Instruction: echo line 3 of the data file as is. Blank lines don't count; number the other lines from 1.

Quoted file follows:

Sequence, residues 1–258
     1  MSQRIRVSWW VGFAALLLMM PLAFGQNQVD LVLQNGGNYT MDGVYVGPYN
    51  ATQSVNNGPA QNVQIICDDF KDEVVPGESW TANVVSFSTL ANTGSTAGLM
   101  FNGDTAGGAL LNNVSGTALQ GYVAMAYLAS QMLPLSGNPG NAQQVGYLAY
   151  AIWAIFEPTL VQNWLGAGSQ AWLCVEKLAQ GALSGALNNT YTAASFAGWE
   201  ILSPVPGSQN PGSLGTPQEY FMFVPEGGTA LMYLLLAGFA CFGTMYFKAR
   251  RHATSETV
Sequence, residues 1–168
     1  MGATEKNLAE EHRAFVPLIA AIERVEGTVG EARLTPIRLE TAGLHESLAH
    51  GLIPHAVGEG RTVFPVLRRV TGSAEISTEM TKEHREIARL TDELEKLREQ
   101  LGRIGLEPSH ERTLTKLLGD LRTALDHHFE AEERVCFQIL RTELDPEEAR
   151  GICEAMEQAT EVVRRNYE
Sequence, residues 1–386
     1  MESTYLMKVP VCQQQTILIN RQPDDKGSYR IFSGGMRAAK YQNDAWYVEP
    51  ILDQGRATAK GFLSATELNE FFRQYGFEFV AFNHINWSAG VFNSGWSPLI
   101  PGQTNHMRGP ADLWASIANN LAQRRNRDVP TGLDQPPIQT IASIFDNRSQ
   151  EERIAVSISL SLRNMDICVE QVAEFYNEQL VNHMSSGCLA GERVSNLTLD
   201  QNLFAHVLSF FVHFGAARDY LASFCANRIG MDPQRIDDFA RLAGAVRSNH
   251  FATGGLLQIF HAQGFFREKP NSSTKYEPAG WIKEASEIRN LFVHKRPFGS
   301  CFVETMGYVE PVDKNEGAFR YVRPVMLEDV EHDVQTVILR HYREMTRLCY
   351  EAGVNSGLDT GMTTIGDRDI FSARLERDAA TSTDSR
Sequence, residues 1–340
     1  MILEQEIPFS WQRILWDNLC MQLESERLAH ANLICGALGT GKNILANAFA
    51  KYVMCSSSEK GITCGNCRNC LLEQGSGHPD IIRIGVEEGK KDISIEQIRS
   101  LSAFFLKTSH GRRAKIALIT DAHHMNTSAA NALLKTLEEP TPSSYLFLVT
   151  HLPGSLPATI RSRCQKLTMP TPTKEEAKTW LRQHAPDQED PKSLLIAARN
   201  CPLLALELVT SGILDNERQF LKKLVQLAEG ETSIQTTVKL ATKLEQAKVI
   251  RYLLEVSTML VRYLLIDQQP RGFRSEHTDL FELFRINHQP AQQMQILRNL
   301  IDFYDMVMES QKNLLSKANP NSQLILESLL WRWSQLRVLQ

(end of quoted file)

    51  ATQSVNNGPA QNVQIICDDF KDEVVPGESW TANVVSFSTL ANTGSTAGLM